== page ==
If you wrote an answer to a question and you feel that you did a good job, post the answer. It's unlikely that people will get mad at additional answers.
I know where you're coming from and even though one also learns by answering questions, I believe the main way to learn from this site is by having our own questions answered. There are both advantages and disavantadges to what you suggested, however considering what I stated above, I believe it's better to keep things the way they are. Just my 2 cents.
No one wants answer-quality to suffer. Maybe the way for the @Carl Mummert magnanimous policy to catch on is in the incentive power of the scoring.
Suppose for example that answering a 10-day-old question with 1000 views scored significantly more than a 1-day-old question with 10 views. Then sage users would be gently and organically coaxed away from the low-hanging fruit. And noobs could cut their teeth on the easy stuff. I'd rather sages were thinking more about the hard stuff anyway.
Maybe this might help relieve compulsive answering syndrome too.
I just want to echo some of what other people have said. When I started here, I definitely wasn't very fast. Even with simple questions that I should know how to solve, it took me a long time to compose an answer. And by the time my answer arrived, other people had already answered the question.
I would encourage you to just answer anyway. This site isn't about being the fastest, it is about giving good answers to questions. If you can learn something from giving an answer, then I say: just do it. With time your answers will get better and better (and you will be faster). One thing that happened a few times to me in the beginning was that even though I was slow and I didn't feel like I had the best solution, my answer was still picked as the "best". Now I wonder if maybe my inexperience actually made a better answer.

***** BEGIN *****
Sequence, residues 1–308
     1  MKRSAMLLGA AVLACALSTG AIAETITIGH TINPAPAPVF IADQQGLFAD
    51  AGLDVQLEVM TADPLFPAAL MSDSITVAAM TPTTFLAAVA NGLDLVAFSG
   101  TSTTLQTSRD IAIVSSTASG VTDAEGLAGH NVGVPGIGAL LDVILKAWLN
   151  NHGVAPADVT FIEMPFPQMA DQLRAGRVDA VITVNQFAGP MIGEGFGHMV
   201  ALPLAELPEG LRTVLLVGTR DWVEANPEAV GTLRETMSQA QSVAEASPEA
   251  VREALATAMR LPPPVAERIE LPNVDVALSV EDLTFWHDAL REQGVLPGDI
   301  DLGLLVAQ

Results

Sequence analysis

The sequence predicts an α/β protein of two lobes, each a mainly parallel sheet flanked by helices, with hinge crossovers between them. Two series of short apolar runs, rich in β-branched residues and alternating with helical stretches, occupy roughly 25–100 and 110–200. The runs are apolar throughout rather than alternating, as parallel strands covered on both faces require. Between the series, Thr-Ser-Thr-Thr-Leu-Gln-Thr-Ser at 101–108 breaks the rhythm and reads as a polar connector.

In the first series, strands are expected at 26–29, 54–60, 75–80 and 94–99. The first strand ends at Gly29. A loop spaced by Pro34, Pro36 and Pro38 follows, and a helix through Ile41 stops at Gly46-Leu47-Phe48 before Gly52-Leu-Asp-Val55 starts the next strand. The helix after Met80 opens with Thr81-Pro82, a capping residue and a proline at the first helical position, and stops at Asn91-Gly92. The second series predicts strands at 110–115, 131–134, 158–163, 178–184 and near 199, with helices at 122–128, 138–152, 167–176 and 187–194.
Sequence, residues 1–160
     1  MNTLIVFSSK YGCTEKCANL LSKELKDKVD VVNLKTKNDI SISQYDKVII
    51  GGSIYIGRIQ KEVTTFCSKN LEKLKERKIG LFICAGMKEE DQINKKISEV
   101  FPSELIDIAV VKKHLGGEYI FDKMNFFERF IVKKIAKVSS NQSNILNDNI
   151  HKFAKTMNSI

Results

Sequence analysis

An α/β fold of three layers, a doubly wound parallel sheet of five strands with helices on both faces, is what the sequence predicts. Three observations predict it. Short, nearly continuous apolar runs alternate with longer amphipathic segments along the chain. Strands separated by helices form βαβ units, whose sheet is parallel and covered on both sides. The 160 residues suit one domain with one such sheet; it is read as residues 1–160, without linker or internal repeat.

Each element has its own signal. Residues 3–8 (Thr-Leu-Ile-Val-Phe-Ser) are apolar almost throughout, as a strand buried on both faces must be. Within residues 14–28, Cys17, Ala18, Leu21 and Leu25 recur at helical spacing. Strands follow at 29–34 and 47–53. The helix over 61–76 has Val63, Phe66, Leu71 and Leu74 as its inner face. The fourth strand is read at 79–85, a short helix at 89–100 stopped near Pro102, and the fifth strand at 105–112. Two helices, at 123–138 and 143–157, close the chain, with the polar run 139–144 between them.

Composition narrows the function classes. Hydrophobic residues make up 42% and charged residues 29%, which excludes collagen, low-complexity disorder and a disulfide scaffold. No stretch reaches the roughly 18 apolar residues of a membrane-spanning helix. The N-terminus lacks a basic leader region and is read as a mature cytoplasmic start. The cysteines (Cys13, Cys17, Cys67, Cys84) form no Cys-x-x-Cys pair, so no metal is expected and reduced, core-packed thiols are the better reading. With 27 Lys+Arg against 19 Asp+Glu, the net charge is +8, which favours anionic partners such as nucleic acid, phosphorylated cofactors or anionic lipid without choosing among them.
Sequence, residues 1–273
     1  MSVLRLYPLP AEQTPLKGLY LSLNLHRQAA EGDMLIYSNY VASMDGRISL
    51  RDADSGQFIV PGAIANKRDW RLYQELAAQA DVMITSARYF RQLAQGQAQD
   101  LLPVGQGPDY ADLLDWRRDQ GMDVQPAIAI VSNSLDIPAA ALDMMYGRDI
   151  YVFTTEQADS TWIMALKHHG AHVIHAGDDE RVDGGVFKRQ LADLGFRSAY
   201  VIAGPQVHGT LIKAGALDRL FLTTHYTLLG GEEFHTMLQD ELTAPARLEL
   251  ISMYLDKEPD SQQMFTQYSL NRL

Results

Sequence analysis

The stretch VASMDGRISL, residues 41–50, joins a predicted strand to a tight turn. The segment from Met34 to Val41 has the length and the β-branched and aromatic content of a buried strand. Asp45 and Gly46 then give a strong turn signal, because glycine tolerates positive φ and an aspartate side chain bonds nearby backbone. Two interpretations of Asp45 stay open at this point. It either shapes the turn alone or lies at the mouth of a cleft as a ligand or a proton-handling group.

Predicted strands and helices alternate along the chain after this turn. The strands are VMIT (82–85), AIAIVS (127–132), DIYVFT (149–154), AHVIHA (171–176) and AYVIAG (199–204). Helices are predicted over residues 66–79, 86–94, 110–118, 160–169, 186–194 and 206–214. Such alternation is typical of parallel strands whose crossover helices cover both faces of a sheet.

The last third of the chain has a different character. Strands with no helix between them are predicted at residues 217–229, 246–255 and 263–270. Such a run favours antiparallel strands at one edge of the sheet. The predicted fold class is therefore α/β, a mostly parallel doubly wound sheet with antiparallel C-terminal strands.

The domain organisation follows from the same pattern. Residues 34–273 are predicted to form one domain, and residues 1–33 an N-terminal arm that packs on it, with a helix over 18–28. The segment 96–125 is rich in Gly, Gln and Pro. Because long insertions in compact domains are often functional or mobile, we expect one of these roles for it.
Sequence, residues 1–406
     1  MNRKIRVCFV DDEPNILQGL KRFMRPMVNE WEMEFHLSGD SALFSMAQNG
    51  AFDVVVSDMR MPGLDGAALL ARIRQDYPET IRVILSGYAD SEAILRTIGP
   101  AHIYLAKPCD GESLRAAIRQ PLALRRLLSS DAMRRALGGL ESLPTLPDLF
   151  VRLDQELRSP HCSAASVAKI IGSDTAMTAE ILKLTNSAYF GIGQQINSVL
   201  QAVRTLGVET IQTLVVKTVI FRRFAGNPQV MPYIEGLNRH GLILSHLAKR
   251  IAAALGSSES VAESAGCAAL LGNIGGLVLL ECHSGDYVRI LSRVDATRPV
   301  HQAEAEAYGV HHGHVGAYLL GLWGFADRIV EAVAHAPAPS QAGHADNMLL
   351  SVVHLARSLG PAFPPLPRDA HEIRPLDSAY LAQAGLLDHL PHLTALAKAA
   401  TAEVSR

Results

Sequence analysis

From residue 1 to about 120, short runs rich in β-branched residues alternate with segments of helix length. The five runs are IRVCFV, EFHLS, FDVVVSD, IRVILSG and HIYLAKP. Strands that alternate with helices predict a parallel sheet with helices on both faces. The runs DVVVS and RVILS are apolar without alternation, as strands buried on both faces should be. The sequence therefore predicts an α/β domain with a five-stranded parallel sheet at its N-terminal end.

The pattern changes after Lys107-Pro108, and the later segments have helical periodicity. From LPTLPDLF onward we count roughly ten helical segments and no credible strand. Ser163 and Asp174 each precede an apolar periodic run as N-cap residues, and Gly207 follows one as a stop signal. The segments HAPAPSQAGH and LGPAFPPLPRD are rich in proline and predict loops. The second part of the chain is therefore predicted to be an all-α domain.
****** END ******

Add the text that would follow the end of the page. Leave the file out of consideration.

You have probably also seen lots of quick answers that actually aren't that great answers. I have definitely been guilty several times of quickly posting an answer that turned out to be plain wrong. Or maybe I had not actually read the question in detail and I was not even answering what the OP was asking.
So just keep going!
I would say if you type up an answer, and you feel good about it, may as well post it. It is not like you are trolling. You are a mathematician. If for whatever reason you don't like your answer or see someone else post something beautiful and quick, maybe you can learn something from their answer and its simplicity or whatever it is.
I think you have something to gain and not much to lose by posting an answer.
I agree with you, @Rustyn. What Yuan says is true, but I think that huge lot of learning can be done by struggling to answer questions.
I think it'd be a good idea to have at least two separate answers sections in each thread: one for greenhorns (say, up to some 1000 points or so), and another one for more experienced ones.
Yet I've no big hopes this will ever occur: one would expect this site would require from people signing up to give at least their mathematical level (high school, undergraduate, graduate...), in order to know what level, more or less, of answer can suit him better.